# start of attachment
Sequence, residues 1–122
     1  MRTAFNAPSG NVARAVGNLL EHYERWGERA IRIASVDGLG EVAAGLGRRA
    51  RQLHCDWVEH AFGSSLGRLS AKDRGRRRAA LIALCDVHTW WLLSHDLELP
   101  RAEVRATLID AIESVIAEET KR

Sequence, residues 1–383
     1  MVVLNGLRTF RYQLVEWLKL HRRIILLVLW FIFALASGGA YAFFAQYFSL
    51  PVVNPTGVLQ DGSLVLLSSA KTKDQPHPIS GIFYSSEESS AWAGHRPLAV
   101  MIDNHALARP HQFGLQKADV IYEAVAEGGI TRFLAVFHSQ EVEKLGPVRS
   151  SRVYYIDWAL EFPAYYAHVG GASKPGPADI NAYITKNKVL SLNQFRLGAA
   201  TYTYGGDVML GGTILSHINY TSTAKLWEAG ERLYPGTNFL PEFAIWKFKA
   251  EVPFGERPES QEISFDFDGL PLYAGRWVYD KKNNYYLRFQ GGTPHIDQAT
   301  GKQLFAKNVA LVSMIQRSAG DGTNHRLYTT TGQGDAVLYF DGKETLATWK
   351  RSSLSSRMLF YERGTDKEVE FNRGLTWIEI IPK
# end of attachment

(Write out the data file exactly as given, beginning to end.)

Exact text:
Sequence, residues 1–122
     1  MRTAFNAPSG NVARAVGNLL EHYERWGERA IRIASVDGLG EVAAGLGRRA
    51  RQLHCDWVEH AFGSSLGRLS AKDRGRRRAA LIALCDVHTW WLLSHDLELP
   101  RAEVRATLID AIESVIAEET KR

Sequence, residues 1–383
     1  MVVLNGLRTF RYQLVEWLKL HRRIILLVLW FIFALASGGA YAFFAQYFSL
    51  PVVNPTGVLQ DGSLVLLSSA KTKDQPHPIS GIFYSSEESS AWAGHRPLAV
   101  MIDNHALARP HQFGLQKADV IYEAVAEGGI TRFLAVFHSQ EVEKLGPVRS
   151  SRVYYIDWAL EFPAYYAHVG GASKPGPADI NAYITKNKVL SLNQFRLGAA
   201  TYTYGGDVML GGTILSHINY TSTAKLWEAG ERLYPGTNFL PEFAIWKFKA
   251  EVPFGERPES QEISFDFDGL PLYAGRWVYD KKNNYYLRFQ GGTPHIDQAT
   301  GKQLFAKNVA LVSMIQRSAG DGTNHRLYTT TGQGDAVLYF DGKETLATWK
   351  RSSLSSRMLF YERGTDKEVE FNRGLTWIEI IPK